In a recent post, we explored the origins of the gospels. These books outlining Jesus’ life, ministry, death, and resurrection, were written relatively soon after his crucifixion and, evidence indicates, are basically first- and second-hand accounts. The gospels of Matthew and John were written by two of Jesus’ original disciples, at least according to tradition and to early church historians.
Recently, while on a trip across the country, I was reading a book that repeated a common argument against the gospels being eyewitness accounts. Here’s the basic argument: There’s no way that the gospels were written by people who were actually with Jesus. In particular, the books of Matthew and John could not have been written by any of Jesus’ disciples. Why? Because Jesus and his disciples spoke Aramaic, yet the earliest existing copies of the gospels were written in Greek…and good Greek at that. There’s just no way that these semi-literate people from the backwater of Judea could have written these books in Greek.
On the surface, the argument makes sense. Dig an inch below the surface, however, and it makes less sense, for two reasons:
- There’s some evidence that one of the gospels (Matthew’s) was originally written in Aramaic, the primary language of Jews in Judea at the time.
- Even if Matthew’s gospel was not originally written in Aramaic, there is strong evidence to indicate that many Jewish people—and others in first century Judea—could speak Greek. Matthew and John would have been no exception, and could therefore have written their gospels in Greek.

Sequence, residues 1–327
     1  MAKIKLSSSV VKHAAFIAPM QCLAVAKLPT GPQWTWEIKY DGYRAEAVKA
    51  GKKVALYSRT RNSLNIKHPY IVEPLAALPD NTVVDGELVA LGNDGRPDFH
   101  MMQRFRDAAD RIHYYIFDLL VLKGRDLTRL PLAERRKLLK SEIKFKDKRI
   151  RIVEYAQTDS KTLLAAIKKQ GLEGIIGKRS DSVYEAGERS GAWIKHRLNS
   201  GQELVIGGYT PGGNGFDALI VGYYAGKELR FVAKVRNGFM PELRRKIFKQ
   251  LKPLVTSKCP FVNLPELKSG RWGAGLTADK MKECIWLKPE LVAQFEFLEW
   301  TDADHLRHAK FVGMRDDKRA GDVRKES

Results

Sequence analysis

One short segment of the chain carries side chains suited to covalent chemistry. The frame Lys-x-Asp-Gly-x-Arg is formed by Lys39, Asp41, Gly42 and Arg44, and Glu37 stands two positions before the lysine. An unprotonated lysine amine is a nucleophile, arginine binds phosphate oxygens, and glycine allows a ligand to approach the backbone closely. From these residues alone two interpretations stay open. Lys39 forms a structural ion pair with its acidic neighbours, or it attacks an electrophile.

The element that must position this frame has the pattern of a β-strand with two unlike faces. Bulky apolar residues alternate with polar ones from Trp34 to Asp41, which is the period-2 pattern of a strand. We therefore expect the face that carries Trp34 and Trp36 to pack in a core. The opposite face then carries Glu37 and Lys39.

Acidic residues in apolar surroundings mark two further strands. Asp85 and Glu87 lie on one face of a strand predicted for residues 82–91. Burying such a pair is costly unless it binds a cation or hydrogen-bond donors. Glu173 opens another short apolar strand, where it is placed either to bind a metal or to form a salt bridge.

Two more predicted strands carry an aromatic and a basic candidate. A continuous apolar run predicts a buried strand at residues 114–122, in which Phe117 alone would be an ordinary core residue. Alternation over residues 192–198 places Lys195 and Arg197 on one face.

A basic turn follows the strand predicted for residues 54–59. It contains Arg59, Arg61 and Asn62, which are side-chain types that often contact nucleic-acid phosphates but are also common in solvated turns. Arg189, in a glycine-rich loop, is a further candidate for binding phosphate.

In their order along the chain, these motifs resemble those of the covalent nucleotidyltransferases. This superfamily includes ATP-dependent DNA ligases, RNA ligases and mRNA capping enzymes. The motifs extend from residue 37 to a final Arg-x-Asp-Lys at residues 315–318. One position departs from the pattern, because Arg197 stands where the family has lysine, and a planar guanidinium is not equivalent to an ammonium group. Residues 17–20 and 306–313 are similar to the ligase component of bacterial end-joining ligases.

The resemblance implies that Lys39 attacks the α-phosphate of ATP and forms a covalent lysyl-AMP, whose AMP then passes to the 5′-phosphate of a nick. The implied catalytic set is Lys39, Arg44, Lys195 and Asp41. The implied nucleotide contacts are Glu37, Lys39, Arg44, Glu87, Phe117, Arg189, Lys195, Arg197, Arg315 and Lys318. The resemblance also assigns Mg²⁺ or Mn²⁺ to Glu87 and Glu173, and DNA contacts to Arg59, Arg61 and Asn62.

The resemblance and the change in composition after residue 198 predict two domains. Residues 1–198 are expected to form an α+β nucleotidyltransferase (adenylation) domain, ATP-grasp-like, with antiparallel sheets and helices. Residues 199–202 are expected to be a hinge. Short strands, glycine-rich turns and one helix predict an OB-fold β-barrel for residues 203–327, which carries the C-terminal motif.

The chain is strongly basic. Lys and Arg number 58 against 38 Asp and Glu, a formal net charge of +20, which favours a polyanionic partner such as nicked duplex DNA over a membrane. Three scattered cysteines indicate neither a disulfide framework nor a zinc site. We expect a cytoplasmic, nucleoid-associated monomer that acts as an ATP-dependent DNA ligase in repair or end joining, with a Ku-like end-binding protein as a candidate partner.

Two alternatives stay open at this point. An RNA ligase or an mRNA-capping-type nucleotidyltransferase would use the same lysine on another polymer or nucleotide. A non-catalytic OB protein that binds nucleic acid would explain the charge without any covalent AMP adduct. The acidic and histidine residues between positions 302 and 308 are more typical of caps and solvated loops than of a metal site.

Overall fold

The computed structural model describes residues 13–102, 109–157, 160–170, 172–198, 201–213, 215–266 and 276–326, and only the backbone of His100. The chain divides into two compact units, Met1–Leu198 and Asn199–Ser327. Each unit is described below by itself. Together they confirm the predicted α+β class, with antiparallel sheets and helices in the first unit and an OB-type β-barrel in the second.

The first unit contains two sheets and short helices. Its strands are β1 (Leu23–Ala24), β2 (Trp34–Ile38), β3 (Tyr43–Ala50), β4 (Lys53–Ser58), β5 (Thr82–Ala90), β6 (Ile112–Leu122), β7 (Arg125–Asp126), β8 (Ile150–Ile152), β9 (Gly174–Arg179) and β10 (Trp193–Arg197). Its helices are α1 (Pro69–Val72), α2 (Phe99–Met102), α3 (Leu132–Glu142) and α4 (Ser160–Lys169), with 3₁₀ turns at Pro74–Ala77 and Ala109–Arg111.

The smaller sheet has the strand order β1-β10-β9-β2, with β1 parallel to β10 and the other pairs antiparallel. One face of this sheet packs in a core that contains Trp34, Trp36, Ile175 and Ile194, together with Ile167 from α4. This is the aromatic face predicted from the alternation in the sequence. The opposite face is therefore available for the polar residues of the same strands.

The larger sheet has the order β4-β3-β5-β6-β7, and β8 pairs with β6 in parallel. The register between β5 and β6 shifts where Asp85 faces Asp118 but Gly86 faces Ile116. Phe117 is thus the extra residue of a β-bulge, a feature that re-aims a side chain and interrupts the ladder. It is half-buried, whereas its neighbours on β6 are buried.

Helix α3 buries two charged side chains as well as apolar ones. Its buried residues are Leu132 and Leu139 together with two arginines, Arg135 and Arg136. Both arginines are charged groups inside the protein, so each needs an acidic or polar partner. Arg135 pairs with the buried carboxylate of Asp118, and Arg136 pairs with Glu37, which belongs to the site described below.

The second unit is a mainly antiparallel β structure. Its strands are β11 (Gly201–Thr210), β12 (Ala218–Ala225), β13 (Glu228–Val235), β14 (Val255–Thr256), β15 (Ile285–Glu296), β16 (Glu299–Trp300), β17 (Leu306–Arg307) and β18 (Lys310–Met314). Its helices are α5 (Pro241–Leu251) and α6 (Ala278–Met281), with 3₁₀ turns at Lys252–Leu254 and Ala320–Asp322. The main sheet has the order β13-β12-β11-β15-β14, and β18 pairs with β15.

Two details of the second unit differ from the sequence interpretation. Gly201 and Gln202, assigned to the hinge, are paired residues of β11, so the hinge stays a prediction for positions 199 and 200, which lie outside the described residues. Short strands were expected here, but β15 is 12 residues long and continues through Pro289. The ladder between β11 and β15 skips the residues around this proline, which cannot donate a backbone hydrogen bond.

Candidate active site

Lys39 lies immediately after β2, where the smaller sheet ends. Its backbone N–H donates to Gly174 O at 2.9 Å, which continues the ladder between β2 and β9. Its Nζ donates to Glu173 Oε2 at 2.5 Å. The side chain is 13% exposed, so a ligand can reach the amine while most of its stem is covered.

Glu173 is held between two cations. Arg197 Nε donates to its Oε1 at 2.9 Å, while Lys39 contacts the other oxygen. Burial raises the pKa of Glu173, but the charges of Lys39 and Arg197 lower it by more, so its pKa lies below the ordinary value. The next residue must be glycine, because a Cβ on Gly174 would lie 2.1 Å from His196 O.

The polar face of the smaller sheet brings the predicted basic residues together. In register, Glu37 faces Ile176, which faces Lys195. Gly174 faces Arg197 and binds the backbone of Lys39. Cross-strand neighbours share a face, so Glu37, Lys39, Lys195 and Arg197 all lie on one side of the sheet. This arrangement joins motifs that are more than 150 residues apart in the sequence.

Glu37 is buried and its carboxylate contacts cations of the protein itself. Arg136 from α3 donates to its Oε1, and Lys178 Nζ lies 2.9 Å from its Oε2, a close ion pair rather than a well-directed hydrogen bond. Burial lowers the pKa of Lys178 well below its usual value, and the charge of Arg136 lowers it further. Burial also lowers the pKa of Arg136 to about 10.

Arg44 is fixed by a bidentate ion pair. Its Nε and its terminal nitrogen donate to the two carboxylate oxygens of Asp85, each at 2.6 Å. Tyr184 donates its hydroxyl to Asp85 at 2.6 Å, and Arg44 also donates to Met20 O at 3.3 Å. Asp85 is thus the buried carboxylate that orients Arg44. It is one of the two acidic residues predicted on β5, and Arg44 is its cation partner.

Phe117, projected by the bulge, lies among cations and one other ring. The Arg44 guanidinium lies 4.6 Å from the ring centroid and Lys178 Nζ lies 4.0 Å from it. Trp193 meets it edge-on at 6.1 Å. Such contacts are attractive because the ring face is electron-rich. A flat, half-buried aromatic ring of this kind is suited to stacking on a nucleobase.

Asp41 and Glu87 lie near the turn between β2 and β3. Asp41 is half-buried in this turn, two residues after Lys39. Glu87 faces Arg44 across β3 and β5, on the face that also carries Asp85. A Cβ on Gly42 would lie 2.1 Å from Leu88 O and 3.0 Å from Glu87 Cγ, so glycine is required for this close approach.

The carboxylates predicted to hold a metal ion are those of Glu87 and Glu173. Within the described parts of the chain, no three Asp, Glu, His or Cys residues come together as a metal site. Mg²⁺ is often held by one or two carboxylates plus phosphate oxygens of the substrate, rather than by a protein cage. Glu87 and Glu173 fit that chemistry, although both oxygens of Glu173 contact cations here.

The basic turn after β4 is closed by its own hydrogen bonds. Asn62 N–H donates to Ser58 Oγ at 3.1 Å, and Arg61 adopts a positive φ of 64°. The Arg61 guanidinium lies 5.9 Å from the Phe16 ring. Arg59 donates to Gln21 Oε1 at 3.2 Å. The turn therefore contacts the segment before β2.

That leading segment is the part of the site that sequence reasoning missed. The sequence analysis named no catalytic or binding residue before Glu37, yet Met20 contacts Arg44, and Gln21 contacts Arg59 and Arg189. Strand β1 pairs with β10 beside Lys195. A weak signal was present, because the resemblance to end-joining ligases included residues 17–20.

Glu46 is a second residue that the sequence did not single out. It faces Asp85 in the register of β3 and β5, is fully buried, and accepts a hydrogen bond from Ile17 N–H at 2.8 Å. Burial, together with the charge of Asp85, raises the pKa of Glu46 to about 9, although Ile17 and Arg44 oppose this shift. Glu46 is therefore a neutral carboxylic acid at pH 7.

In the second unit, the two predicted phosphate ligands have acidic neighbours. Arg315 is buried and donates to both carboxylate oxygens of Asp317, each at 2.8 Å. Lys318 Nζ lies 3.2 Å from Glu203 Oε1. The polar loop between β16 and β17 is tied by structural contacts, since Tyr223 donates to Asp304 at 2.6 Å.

Let’s take a closer look.
A Common Language in Judea: Greek
Over the last few decades, archeological and historical work has shown us that Judea, while hardly a garden spot, was not a total “backwater” area of the Roman Empire, as some have asserted. Many of Judea’s inhabitants, Jewish or otherwise, were bilingual, or even trilingual, to some extent.
For example, research into Jewish funerary inscriptions created all over the known world from 300 B.C. to 500 A.D., shows that about 70% of them were written in Greek. In Palestine (Judea), where Jesus preached, about 66% were written in Greek. (Jewish Funerary Inscriptions — Most Are in Greek, Pieter W. Van Der Horst, Biblical Archeology Review, Sept.-Oct., 1992). This is an indicator that Greek was a relatively common language among Judean Jews, even if it wasn’t their primary language.
In addition, New Testament scholar and expert on the Dead Sea Scrolls, Joseph A. Fitzmeyer, wrote that “The Dead Sea scrolls reveal that a trilingualism existed in Palestine in the first and second century of the Christian era. In addition to Aramaic, some Jews also spoke Hebrew or Greek—or both. Different levels of Jewish society, different kinds of religious training and other factors may have determined who spoke what.” (Did Jesus Speak Greek?, Joseph A. Fitzmeyer, Biblical Archeology Review, Sept.-Oct. 1992).
For many of Judea’s people—including Jesus and his disciples—their first language would have been Aramaic, a language that was distantly related to Hebrew. In addition, many Jews would have spoken some Hebrew. At the time, Hebrew was a “dead language” like Latin is today, and it was used primarily for religious ceremonies.
There were other languages spoken in the area as well, but one language stitched everyone together, particularly those who were engaged in commerce, or who had any education, or who were in a position of leadership: Greek.